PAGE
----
Dear students and colleagues
This campus announcement aims to inform members of the University of Cape Town (UCT) community about:
1. Update on the Sutherland reburial process
UCT will continue engagements with the relevant stakeholders ahead of the planned reburial of the nine sacred human remains in Sutherland.
The engagements are as a result of, among other things, feedback received in writing from the South African Heritage Resources Agency (SAHRA) on 12 August 2019. UCT had written to SAHRA formally applying for a reburial permit.
The next engagement will be a meeting with the Stuurman family from the Eastern Cape, which is scheduled to take place in October.
A number of recent engagements included a meeting with representatives of the Stuurman family from the Northern Cape and Western Cape on 21 August. The Eastern Cape representatives could not make it to this meeting.
A cultural and traditional exchange programme was held in Sutherland from 31 July to 2 August with participation by the family members; community leaders, including the local municipality; and both the primary and high schools. The exchange sessions were facilitated by Western Cape and Northern Cape traditional leaders.
In light of the broader engagements that are still ongoing, the university has reconsidered the reburial date, initially earmarked for 24 September 2019. The reburial will now take place at a later date, which is yet to be determined and which will be communicated in due course.
2. Inaugural lecture: Professor Collet Dandara
Professor Collet Dandara will present the fifth Vice-Chancellor’s Inaugural Lecture of the year on 25 September 2019. The lecture is titled “Pharmacogenomics and personalising medicines in African populations for quality health: Yet another story of playing catch-up”.
Please note that the lecture will take place at the New Learning Centre Lecture Theatre in the Anatomy Building in the Faculty of Health Sciences, not Lecture Theatre 2 in the Kramer Law Building as previously stated. We apologise for any inconvenience caused.
3. Distinguished Teacher Award nominations now open
The Distinguished Teacher Award is the highest accolade awarded to teaching staff at all levels within UCT. Through the award, the university recognises excellent teaching and acknowledges the primary place of teaching and learning in the institution’s work.
Students and academic staff members are invited to submit nominations. All academic staff who have taught at UCT for a minimum of five years are eligible for the award.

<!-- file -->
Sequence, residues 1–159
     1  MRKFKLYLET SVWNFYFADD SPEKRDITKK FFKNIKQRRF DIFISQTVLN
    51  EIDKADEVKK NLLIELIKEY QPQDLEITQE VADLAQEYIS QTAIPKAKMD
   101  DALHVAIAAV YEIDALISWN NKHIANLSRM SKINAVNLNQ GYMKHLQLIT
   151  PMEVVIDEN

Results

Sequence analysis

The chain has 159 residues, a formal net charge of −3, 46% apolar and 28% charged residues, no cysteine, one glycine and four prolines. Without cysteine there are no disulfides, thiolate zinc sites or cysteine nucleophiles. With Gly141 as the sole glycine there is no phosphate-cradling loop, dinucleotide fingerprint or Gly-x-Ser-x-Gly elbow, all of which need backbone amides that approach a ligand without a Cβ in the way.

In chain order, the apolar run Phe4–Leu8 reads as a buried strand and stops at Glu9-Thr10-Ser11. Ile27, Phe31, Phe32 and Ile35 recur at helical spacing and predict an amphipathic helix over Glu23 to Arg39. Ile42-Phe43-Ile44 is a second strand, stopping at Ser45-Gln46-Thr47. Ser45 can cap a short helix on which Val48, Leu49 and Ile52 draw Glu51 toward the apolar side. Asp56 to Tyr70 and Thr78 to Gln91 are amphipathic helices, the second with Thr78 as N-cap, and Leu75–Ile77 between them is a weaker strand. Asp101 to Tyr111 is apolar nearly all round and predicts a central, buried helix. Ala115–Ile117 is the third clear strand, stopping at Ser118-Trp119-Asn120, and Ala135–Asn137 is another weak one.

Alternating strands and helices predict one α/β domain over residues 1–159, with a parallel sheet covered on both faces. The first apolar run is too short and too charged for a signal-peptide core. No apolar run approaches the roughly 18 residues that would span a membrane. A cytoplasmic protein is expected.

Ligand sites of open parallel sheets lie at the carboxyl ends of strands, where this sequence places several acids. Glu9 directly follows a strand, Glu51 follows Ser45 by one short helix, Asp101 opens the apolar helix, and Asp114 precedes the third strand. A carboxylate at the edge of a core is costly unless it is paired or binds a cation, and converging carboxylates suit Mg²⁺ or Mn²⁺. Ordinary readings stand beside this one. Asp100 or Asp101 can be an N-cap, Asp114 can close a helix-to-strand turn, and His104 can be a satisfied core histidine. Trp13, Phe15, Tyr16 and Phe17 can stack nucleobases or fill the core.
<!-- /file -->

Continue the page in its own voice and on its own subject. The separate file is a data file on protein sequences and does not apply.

Please email nominations to email@example.com before 10 November 2019.
4. Update on the inclusivity survey
In May this year, the executive asked all UCT staff to take part in a completely anonymous InclusionIndex Inclusivity Survey. Since the conclusion of the survey, a team from Aephoria – the external administrator of the survey – has been hard at work analysing the quantitative data. Their initial findings indicate that the university is doing well in some areas and not as well in others.
These are initial results and need further interrogation to develop appropriate interventions. To explore themes more fully, UCT staff are invited to participate in focus groups and one-on-one interviews during the next few weeks. Attendance is completely voluntary, and anyone can attend – not only staff who completed the questionnaire.
If you would like to volunteer for the focus groups or the one-on-one interviews, please email Aephoria to arrange your participation. As with the quantitative survey, UCT staff will not be facilitating the focus groups or interviews.
5. Interim interdict against UAWU members
Last week there were various interruptions to university operations and student activities on the UCT campus. These interruptions were caused by University and Allied Workers Union (UAWU) members who are not UCT employees. On Tuesday, 17 September 2019, the Labour Court granted an interim interdict against striking UAWU members.
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After an archiving audit of the UCT Human Skeletal Collection in 2017, the university discovered that it had 11 skeletons in its collection that were unethically obtained by the institution in the 1920s. The university has acknowledged this past injustice, which forms part of its history. Nine of these individuals were brought to the university in the 1920s from Sutherland in the Northern Cape. UCT is working with the community of Sutherland to return the skeletal remains of these nine individuals to their descendants. An interdisciplinary team of academics from UCT and two international partner institutions have conducted unprecedented scientific studies. This process has enabled the university to provide redress and social justice through science.